In politics, you have to follow the money. The editorial board of the San Antonio Express-News found it almost laughable to imagine that what it counted as more than $800,000 in campaign contributions from “charter school interests” between 2006 and 2013 didn’t play a role in convincing the Texas legislature to lift the state’s cap on charter schools. The Express-News is referring to the findings of a report from Texans for Public Justice that indicated people affiliated with the state’s top six charter school chains doubled their political contributions in recent years, comparing 2006 and 2008 to 2010 and 2012….

continue reading and follow more links at dianeravitch

Leave a comment

Filed under Education and schools

Horrible New Bill Will Somehow Make PA Charter School Policy Even Worse

Posted on October 24, 2013 by Jon Geeting, at Keystone Politics

(This guest post comes to us from friend of the blog Susan Spicka)

Cash-strapped school districts and tapped out home and business owners have been begging the PA legislature to reform its broken charter school funding law. Under current law, charter and cyber charter school tuition payments are not based on charter schools’ actual costs of educating children. In many cases, tuition rates to charter schools are so bloated that charter school operators are able to pocket millions of taxpayer dollars at the same time that our local school districts are raising taxes and slashing programs to pay their charter school tuition bills.

Senate Bill 1085 will bitterly disappoint school districts and home and business owners.

SB 1085 would close to so-called “pension double-dip” loophole in the current law by eliminating the state reimbursement to charter schools for their pension costs. Local school districts would continue to provide the funds that are used to pay the pension costs of charter school teachers.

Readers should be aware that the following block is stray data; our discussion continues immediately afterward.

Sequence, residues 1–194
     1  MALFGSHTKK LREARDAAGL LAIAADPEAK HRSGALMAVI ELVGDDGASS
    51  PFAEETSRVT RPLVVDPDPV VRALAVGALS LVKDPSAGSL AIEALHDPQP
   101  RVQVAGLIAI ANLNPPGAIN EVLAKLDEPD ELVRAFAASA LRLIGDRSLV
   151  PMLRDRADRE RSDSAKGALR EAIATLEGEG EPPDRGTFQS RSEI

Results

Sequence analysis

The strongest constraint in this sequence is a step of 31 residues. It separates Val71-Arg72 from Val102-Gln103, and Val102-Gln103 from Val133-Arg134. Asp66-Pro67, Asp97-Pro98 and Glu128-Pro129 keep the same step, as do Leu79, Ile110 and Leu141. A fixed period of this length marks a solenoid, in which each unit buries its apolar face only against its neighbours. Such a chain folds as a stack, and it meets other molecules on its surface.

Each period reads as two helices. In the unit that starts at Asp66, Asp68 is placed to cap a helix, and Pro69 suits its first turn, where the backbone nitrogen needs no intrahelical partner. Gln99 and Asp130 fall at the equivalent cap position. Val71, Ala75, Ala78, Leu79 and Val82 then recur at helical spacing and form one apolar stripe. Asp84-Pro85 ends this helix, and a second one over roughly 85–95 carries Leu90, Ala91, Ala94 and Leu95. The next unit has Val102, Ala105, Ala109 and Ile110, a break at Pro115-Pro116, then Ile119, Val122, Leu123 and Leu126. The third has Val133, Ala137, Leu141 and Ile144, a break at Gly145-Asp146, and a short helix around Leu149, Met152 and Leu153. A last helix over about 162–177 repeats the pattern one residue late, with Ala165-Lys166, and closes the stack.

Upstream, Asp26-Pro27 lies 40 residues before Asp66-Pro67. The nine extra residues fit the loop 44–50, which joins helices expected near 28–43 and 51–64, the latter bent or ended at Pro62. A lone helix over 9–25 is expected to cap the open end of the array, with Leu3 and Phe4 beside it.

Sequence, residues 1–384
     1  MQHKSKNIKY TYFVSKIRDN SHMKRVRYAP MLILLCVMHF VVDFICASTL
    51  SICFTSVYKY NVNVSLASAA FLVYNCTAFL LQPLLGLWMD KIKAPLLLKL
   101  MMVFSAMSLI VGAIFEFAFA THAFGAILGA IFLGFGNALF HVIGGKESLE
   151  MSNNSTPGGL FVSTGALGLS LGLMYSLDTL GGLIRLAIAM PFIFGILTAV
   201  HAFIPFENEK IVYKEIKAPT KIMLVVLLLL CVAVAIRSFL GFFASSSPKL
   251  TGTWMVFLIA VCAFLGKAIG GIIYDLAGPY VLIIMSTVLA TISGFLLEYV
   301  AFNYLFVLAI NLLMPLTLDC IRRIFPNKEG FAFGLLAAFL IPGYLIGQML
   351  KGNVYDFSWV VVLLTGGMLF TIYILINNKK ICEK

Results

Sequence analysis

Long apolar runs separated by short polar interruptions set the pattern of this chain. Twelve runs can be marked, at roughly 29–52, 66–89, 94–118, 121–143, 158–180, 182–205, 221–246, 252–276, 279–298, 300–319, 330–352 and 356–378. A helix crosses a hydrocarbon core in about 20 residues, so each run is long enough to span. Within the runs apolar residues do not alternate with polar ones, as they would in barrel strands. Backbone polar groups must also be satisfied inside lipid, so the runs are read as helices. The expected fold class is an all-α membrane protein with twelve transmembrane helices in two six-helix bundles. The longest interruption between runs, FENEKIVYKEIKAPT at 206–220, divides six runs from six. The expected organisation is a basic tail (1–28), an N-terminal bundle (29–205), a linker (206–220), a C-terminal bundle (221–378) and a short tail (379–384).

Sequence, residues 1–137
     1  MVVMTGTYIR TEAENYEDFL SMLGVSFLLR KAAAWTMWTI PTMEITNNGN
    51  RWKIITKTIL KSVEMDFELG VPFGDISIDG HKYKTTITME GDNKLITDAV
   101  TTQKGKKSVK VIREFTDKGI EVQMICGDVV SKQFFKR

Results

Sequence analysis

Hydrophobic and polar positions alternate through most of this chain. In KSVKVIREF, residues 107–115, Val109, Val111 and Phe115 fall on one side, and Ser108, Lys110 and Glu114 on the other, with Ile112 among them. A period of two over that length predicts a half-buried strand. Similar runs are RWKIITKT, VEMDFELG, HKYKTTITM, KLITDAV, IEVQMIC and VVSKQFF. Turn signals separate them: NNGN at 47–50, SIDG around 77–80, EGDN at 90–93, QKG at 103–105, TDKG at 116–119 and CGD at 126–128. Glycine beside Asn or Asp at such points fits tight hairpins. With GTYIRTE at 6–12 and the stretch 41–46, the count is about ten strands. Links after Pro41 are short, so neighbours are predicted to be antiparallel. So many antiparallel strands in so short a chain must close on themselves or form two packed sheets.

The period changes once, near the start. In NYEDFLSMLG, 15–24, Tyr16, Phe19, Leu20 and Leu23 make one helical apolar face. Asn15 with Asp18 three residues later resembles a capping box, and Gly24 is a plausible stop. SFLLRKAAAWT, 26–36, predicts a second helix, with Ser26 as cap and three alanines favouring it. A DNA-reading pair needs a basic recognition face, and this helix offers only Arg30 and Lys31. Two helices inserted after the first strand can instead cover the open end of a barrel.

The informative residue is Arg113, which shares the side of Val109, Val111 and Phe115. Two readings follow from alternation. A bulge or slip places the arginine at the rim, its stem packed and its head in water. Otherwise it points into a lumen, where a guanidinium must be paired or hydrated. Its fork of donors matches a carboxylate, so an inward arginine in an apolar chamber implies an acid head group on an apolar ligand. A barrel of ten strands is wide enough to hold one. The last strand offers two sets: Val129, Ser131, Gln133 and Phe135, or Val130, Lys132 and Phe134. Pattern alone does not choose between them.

SB 1085 is a rotten deal for school districts and for home and business owners, who pay property taxes to support our local public schools. If SB 1085 becomes law, the legislature will continue to mandate that home and business owners pay the pension costs of teachers who are not even employed by their school districts. School districts would find little relief from the burdensome charter school tuition payments, which range from around $8,000 to more than $30,000 per student per year.

SB 1085 is a truly sweet deal for the PA legislature. Eliminating the state reimbursement to charter schools for its share of pension costs would return $65 million to the PA General Fund. PA politicians would be free to spend this extra revenue as they please. Without a funding formula in place to allocate tax dollars to school districts, powerful legislators can cut deals behind closed doors, just like they did this year, and use the $65 million windfall to provide additional funding to a few of their favorite districts and make some voters happy in 2014, which happens to be an election year.

Adding insult to injury, SB 1085 would strip the power of our locally-elected school boards to approve or deny the opening of charter schools in our communities….

continue reading at Keystone Politics

Leave a comment

Filed under Education and schools